It is unknown whether vascular and metabolic diseases assessed in early adulthood are associated with Alzheimer’s disease (AD) later in life.
Association of AD with lipid fractions, glucose, blood pressure, body mass index (BMI), and smoking obtained prospectively from 4932 Framingham Heart Study (FHS) participants across nine quadrennial examinations was evaluated using Cox proportional hazard and Kaplan-Meier models. Age-, sex-, and education-adjusted models were tested for each factor measured at each exam and within three adult age groups (early = 35-50, middle = 51-60, and late = 61-70).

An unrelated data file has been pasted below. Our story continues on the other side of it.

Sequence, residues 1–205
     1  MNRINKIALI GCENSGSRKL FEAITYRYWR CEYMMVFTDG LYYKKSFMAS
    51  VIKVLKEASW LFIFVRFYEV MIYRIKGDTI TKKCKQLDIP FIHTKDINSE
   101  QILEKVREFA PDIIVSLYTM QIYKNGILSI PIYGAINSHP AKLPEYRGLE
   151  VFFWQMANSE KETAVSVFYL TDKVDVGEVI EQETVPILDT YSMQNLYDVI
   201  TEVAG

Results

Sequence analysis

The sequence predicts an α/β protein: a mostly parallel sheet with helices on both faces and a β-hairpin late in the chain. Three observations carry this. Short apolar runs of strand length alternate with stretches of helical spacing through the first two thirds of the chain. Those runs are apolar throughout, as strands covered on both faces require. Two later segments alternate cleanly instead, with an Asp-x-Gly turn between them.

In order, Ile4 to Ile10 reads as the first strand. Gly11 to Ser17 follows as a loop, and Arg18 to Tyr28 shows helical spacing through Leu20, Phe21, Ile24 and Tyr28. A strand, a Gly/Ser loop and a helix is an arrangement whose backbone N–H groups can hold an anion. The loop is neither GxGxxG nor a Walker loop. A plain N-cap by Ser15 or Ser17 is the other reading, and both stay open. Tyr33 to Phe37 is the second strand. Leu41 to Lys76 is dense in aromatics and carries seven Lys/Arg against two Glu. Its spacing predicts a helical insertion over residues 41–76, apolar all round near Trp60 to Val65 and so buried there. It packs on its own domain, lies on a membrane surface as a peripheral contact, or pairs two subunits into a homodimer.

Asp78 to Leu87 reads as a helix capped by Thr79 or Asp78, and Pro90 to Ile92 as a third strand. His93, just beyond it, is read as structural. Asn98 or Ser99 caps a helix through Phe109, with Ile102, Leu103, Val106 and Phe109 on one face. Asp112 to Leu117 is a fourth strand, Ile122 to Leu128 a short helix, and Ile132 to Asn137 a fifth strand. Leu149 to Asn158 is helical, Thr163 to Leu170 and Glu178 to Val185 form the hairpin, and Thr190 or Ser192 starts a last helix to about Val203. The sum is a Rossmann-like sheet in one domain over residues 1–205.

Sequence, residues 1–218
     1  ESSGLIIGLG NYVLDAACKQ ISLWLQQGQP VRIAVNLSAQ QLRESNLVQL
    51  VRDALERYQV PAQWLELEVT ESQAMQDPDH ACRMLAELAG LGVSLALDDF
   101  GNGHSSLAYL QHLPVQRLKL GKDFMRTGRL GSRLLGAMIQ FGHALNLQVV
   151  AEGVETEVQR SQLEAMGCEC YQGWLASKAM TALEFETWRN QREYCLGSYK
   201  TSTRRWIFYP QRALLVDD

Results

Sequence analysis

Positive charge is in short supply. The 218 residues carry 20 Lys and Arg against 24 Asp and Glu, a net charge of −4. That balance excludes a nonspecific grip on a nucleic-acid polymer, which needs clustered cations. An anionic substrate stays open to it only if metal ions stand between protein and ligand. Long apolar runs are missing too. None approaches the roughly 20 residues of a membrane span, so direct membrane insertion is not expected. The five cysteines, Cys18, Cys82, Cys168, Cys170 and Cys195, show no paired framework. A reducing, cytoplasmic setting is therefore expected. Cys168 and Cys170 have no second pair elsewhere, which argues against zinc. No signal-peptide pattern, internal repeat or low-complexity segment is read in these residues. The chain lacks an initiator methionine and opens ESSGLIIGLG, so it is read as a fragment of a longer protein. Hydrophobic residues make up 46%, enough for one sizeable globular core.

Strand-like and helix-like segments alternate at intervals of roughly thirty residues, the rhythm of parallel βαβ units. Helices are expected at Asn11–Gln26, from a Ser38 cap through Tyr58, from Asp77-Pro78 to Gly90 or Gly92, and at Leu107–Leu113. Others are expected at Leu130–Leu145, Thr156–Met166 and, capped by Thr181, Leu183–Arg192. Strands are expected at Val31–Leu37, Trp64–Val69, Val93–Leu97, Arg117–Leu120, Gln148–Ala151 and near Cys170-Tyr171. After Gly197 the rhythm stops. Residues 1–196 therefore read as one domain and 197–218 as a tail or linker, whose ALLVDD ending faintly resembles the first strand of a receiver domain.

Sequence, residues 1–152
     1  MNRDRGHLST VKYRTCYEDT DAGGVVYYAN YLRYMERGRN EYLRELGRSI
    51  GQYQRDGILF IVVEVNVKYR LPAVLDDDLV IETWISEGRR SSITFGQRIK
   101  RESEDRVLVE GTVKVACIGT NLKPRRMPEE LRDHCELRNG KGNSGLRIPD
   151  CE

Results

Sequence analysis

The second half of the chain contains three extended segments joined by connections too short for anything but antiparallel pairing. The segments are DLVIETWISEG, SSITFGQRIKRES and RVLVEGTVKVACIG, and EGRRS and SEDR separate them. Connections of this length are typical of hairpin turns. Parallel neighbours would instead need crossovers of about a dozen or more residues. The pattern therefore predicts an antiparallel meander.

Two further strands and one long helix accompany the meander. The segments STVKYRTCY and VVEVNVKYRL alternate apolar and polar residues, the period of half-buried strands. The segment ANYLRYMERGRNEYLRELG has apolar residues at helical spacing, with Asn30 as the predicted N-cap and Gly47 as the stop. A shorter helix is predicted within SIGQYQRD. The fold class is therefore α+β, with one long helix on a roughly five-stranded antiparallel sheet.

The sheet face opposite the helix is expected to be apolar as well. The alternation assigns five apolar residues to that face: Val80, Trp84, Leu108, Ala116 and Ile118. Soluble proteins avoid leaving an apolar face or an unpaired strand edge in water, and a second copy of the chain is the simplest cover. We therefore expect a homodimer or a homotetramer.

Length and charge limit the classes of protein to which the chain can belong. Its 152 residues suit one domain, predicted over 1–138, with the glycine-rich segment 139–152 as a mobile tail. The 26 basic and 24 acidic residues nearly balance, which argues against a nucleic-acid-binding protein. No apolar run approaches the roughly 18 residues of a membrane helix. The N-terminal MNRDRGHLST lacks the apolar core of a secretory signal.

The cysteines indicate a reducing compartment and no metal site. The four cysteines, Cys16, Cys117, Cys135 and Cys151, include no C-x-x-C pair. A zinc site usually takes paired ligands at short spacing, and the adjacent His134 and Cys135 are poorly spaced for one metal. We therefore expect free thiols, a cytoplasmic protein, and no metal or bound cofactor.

A 15 mg/dL increase in high density lipoprotein (HDL) cholesterol was associated with decreased AD risk during early (15.4%, P = 0.041) and middle (17.9%, P = 0.014) adulthood. A 15 mg/dL increase in glucose measured during middle adulthood was associated with 14.5% increased AD risk (P = 0.00029). These findings remained significant after adjusting for treatment.
Our findings suggest that careful management of cholesterol and glucose beginning in early adulthood can lower AD risk.